It opens up with an unintentionally funny scene when Michael walks into the elevator with Saru and tells the elevator to go straight to where she wants to go. What was Saru doing in the elevator then? Either he was going off on that floor and forgot or Michael just completely ignored that he might want to go somewhere else.

I'm suspecting more and more that the new look on the Klingons was because the producers, or whomever is in charge of those things, was worried that no one would be interested in something that has been around since literally the beginning of the series. With a whole new look and basically feel to the Klingons they can sort of be passed off as a new enemy. I'm not entirely sure what I think about it yet but I am still not all against it either.

They're pretty cute actually.

When they showed the "Ripper" (the name feels a bit like a metaphor for the series, simplistic and not all thought through) my immediate thought was "huh, that looks just like a tardigrade" and two seconds later they confirm that in fact it is a huge tardigrade. I was actually quite intrigued by the idea of turning a giant tardigrade into a weapon, considering they are the most sturdy animal we know of, even more so than cockroaches. Tardigrades are almost impossible to kill and can withstand insane amounts of temperature change and radiation. But no, apparently it is going to be tortured into being some sort of "navigator" or cog in the machinery. I would've preferred the weapon-path, but hopefully they'll go somewhere else with the tardigrade as well.

The whole attack on the dilithium-mining-outpost was just not well done... When the kid shouted "mummy, mummy wake up!" I was cringing at the bad writing. Add cliché yelling and crying children in the background. And then at the end they had the little kid who looked up into the sky and said "who saved us?". I was starting to wonder whether I was watching a 70's Superman movie. And why did Lorca need to endanger the entire ship with that "blow-the-Klingons-up-with-explosives"-scheme? It looked like the phasers were doing a pretty good job already so that entire tactic seemed really stupid.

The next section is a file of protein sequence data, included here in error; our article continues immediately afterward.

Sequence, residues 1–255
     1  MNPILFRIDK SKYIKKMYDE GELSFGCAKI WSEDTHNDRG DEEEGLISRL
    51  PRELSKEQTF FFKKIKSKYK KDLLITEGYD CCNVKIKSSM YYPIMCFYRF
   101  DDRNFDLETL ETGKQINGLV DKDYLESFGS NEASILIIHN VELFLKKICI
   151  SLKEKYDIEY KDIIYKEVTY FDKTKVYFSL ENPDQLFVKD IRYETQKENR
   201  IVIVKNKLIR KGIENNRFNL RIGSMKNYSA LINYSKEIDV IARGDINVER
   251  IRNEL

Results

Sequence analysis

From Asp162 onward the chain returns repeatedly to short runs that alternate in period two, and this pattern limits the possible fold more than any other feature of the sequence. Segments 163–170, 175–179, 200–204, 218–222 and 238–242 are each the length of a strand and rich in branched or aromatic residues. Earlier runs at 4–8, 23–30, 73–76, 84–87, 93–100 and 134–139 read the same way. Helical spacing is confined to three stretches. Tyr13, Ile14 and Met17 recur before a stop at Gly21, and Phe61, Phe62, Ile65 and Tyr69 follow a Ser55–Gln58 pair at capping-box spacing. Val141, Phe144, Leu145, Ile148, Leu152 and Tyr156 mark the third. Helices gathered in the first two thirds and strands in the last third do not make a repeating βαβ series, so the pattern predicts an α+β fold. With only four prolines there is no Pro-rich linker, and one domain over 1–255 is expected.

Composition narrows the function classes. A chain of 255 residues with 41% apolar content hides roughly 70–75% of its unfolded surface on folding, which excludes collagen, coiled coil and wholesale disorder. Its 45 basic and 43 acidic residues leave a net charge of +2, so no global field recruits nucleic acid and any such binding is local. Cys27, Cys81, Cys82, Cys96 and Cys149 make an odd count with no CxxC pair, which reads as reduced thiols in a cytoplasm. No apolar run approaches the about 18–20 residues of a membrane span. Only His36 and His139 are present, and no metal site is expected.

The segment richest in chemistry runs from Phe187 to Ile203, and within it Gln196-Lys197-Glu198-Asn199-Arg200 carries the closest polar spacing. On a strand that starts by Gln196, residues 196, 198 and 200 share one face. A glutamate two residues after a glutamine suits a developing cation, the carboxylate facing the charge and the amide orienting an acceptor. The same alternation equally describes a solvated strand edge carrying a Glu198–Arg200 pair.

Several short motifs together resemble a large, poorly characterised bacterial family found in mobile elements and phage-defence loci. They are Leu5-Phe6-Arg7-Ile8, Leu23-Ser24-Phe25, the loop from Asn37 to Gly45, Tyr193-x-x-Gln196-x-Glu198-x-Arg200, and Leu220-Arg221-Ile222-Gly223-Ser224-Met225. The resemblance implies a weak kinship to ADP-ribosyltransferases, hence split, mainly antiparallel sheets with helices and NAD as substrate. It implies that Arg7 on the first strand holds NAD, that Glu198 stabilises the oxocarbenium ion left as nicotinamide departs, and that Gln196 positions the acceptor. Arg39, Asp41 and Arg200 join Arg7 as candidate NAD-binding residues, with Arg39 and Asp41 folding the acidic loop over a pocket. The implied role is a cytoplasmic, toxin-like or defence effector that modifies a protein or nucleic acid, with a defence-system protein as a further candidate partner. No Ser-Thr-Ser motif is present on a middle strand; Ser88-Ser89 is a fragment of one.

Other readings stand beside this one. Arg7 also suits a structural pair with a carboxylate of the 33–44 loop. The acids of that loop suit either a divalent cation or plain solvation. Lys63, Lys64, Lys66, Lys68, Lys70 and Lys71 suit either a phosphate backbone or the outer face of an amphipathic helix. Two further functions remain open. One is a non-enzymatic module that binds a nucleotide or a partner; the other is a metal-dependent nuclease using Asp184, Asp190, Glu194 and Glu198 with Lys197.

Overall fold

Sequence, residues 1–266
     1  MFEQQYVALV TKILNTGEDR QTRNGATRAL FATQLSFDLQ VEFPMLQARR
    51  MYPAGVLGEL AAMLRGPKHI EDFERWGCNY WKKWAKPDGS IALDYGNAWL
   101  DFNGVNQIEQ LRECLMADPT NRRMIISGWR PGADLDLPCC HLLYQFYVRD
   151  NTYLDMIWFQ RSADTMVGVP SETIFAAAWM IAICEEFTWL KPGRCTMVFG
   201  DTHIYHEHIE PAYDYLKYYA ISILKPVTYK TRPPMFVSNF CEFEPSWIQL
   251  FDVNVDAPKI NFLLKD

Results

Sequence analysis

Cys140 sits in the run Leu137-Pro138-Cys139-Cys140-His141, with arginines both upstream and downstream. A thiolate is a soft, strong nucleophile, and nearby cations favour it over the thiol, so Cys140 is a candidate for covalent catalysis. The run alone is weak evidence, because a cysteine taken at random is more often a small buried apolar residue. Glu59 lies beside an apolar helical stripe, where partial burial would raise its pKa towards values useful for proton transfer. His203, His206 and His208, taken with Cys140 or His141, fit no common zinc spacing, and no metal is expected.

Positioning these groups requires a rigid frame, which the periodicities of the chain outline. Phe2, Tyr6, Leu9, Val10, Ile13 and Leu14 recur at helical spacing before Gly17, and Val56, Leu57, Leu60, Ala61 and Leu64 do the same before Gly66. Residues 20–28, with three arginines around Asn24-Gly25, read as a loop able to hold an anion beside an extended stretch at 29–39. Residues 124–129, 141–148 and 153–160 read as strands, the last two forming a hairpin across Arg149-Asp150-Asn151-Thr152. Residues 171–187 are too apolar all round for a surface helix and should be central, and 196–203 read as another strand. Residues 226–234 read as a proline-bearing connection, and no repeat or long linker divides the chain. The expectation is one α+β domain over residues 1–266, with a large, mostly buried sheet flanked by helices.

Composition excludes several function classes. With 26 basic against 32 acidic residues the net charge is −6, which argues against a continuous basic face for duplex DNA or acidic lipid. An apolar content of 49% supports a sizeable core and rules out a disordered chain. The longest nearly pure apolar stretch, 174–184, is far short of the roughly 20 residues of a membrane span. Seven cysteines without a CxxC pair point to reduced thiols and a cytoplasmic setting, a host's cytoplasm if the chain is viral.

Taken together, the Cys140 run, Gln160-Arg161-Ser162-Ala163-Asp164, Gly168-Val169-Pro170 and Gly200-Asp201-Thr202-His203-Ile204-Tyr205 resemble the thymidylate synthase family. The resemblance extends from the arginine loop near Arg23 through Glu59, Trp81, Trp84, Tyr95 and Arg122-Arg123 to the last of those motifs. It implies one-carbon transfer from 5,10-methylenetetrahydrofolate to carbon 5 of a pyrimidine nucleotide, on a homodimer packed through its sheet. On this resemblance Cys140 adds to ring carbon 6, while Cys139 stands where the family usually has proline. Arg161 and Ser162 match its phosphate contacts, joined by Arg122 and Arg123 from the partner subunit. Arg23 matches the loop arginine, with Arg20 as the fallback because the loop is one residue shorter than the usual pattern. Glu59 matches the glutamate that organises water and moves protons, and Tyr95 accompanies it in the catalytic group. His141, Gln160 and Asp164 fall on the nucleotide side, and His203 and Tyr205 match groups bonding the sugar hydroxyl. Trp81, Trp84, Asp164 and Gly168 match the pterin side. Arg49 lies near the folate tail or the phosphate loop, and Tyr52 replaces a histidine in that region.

Not that there is anything wrong with Superman.

In the meantime the Klingons can't agree on anything even when in full-scale war with the Federation. This doesn't surprise me, but that Kol (or whatever his name was) guy who comes and takes over everything from Voq says, and I paraphrase "well we won't stick together after the fighting anyway so we might as well not before the fighting". Yet again, seems like a bad tactic. Unless he is worried Voq will get too much power but we don't get to see the motivation behind what any character is doing besides Michael.

And here we come to my one biggest issue with this series so far. Every series of Star Trek so far has given many characters in the show the opportunity for some character development. There has been an overarching story, but also branching stories in which we learn more about someone else beside the main character. In Next Generation that was unfortunately characters I didn't care much about, like Troi or Crusher, but mostly this has worked really well and has made me care more about everything that happens to the crew. The Original Series probably does this the least but they still manage to give depth to more characters than just Kirk.

So far I see very little inclination that STD is going to give much character development to anyone but Michael, and when another character gets any development it is only to further the story around Michael. We get some exposition into Saru's species in the first episode, which comes in handy in this episode when Michael needs his "threat-ganglia". Tilly explains a bit of herself but that is only so that we will understand what a pain in the ass she will be for Michael. I didn't like every character of all the other series, but knowing more about them allowed me to make that choice! Now I don't even get to decide whether I like someone or not because they are barely even people to me, they're just dialogue-providers for Michael.

The biggest reason for this is obviously that STD so far is slated for way less episodes than any of the other series. Even Star Trek Enterprise, which I felt was short by Star Trek standards, is almost 100 episodes (TOS has 80, NG 176, VOY 170 and DSN 173)! Clearly they've either decided to go for a tight-knit, no excursions allowed, story-arch to test the waters for more episodes, or maybe this is it. I really hope this won't be it.

Monday, October 2, 2017

Quick Thoughts on ST Discovery Ep 3

Context is for kings.
Spoiler alert!

Episode 3 starts out a bit confusing but it gets evident fairly quickly that was the whole idea. At first I didn't really get why no one on U.S.S Discovery adressed the fact that the captain of the shuttle had just been killed seconds before they rescued them. And where did those little electricity mites go when the tractor beam was used? And why would the "goons" attack Burnham in a mess hall full of personell? And why say stuff like "have you ever seen a black insignia before?" when Burnham is literally wearing one? But like I said, some of it was explained by the fact that it all seems to have been planned by Lorca.